This weekend Elise, Penelope and Daphne Eisenberger painted hearts and positive messages on rocks they, their dad Nico and mother Robin Bates collected at Burying Hill Beach.
Yesterday they put them (in places no one would need to touch) by the entrances to Westport EMS, the police station, Greens Farms fire station and post office, their pediatrician’s office and a few other spots. They saw similar signs around town.
“It won’t stop anyone from getting sick, or make anyone better who is,” Nico says. “But we hope it’s helpful in some small way to those who work hard to keep us all safe.”
Coincidentally, just a few minutes before I published this piece, I got an email from EMS deputy director Marc Hartog. He writes about those stones:
“We don’t know who placed them there or when, but everyone here is incredibly moved that someone, or some group, thought about us and wanted to show their support.
“This is another example of everyday people doing whatever they can during this crisis, even just to boost the morale of our personnel on the front lines. We wish we could thank them, let them know that this gesture is so appreciated. Maybe if you post this, even though we can’t do it in person, they will know.”
Done. And PS: Now you know!
Elise, Penelopoe and Daphne Eisenberger.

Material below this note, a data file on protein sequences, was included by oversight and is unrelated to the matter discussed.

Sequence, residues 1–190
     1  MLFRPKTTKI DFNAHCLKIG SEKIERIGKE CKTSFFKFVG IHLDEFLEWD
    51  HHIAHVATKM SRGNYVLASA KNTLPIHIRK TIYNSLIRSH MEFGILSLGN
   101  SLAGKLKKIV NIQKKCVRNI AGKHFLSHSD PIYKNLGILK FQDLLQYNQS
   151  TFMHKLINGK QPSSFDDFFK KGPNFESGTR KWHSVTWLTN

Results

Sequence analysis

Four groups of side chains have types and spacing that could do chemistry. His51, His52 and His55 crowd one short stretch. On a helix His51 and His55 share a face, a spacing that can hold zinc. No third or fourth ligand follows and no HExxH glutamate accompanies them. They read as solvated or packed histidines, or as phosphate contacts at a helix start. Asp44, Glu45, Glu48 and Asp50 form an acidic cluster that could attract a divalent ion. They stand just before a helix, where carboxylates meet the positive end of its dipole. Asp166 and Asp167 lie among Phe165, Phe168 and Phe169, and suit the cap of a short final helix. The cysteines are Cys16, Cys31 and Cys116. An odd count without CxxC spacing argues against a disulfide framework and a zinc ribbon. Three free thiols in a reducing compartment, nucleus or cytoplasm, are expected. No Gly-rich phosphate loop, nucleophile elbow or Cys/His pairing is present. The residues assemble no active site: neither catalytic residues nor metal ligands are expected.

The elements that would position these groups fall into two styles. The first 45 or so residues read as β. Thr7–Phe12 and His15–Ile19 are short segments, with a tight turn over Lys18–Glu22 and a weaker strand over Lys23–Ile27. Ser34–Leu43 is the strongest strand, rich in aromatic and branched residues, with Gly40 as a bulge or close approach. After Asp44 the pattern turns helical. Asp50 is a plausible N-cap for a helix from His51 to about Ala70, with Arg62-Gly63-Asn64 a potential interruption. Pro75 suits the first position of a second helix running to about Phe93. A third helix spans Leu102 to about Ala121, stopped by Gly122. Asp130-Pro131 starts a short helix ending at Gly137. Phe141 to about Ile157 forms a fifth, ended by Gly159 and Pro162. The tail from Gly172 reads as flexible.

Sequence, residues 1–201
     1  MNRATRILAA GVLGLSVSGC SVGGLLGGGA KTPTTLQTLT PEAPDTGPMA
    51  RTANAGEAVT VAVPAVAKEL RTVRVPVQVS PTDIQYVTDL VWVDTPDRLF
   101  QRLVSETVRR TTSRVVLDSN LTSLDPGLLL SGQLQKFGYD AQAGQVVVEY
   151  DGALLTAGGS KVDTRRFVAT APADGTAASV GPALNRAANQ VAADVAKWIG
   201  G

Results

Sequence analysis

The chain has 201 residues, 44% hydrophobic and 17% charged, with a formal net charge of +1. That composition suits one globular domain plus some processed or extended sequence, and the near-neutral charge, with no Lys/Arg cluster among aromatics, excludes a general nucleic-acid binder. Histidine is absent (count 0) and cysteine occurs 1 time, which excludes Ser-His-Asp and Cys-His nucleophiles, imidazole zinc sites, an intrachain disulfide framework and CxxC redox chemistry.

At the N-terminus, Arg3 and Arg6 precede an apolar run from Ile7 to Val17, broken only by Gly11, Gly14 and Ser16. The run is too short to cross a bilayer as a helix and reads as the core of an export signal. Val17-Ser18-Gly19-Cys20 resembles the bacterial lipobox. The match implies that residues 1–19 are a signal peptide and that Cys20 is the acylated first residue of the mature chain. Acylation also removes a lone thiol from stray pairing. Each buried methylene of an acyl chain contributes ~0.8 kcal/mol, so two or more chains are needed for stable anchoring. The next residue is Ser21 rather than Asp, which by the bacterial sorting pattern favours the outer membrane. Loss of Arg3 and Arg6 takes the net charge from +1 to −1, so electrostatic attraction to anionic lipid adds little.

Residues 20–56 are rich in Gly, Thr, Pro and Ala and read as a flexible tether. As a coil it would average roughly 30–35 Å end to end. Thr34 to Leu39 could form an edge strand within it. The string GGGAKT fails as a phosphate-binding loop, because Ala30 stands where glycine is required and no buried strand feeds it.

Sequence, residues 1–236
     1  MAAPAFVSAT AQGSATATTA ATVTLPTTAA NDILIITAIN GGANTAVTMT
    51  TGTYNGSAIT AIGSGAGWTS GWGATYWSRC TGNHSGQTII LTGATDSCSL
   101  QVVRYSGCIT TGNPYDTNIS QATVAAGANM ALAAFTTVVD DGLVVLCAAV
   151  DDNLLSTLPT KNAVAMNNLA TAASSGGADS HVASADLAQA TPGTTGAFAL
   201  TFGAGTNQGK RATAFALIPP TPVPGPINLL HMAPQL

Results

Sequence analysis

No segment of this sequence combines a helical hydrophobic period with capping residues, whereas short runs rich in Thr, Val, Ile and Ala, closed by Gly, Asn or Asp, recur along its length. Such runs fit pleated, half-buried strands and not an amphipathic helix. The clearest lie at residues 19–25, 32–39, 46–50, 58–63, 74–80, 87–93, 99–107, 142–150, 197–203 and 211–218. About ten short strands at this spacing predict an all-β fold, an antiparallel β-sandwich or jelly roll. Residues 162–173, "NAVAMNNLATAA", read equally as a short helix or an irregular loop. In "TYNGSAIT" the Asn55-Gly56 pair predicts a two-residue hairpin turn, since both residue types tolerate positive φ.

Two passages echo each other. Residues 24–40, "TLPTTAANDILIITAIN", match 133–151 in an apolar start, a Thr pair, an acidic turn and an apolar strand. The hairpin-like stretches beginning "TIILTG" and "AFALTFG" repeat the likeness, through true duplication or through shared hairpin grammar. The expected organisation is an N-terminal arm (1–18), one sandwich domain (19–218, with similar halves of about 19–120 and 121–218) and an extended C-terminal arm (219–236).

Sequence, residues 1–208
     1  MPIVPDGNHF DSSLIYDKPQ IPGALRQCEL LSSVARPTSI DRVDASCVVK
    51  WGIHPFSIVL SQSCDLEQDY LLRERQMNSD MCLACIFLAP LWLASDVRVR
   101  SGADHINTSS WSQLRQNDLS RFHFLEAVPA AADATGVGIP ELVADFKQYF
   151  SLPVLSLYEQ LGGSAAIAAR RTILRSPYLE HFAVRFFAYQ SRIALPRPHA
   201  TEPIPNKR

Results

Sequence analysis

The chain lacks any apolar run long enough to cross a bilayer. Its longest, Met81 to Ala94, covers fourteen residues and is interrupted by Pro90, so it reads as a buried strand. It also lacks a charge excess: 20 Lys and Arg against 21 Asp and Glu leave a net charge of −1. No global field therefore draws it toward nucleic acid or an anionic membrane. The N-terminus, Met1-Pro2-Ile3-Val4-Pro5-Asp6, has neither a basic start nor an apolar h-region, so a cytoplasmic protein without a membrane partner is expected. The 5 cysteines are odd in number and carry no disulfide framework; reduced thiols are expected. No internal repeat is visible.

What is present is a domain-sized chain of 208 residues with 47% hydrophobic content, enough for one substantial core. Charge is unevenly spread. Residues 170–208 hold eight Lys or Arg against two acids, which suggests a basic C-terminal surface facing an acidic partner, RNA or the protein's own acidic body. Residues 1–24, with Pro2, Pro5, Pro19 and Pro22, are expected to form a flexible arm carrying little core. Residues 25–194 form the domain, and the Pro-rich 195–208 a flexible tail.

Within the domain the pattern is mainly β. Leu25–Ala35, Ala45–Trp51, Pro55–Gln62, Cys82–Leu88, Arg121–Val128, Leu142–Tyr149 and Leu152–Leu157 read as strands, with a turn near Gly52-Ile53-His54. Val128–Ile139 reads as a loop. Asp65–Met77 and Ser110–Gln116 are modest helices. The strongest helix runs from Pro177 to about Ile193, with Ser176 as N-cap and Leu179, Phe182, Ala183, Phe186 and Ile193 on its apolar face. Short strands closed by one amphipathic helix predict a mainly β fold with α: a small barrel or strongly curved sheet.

Lauren Braun Costello is making lemonade — more accurately perhaps, lemon tarts or meringue pie — during this time of lemons.
Every day during the pandemic, she’s on Instagram Live with tips and tricks to stretch pantries, and help us feed our families.
Lauren is a classically trained chef, with an impressive CV. Check out itslaurenofcourse.com on Instagram.
Yesterday’s rain did not stop Doris Ghitelman.
The Westporter had to go shopping. So she called 4 high-risk neighbors and friends, and asked what they needed.
“It makes me happy to the core to help,” she says. “There’s always a silver lining 😊🧡”
PS: Nice gloves!
Across the world, John Karrel reports, people are putting teddy bears in all kinds of places: windows. Front porches. Roofs.
The idea is for parents to walk around with their kids, counting as many as they find. It’s a scavenger hunt anyone can help with.
John’s already spotted a couple of teddy bears in Greens Farms. Time to add yours! (And if you don’t have one, plenty of toy stores in Westport can help.)
Every week for decades, the Y’s Men meet to hear intriguing speakers.
COVID-19 has halted that tradition. But the Y’s Men are resourceful and resilient.
They’ve developed a podcast series — and they’re sharing them with the world.
Recent guests included internist Dr. Robert Altbaum and epidemiologist Dr. Pietro Marghello, plus that guy who writes the “06880” blog.
Today John Brandt interviews the CEO of a major wholesale distributor to national supermarkets. He’ll talk about the supply chain.
Click here for all the Y’s Men podcasts.
A former Westporter — now a college professor — is asking her students to interview (by phone or video) someone over the age of 70, with pre-selected questions.
Westporters and non-Westporters who are chatty and game should send names, brief bios and contact info to email@example.com by 4 p.m. Wednesday.
“At a time when people are lonely and the lessons I’d originally planned seem increasingly irrelevant, I hope this project will be meaningful to both interviewers and interviewees,” she says.
And finally, here’s a gift from Berklee College of Music. It’s been home to a number of Westporters. They’ve chosen well.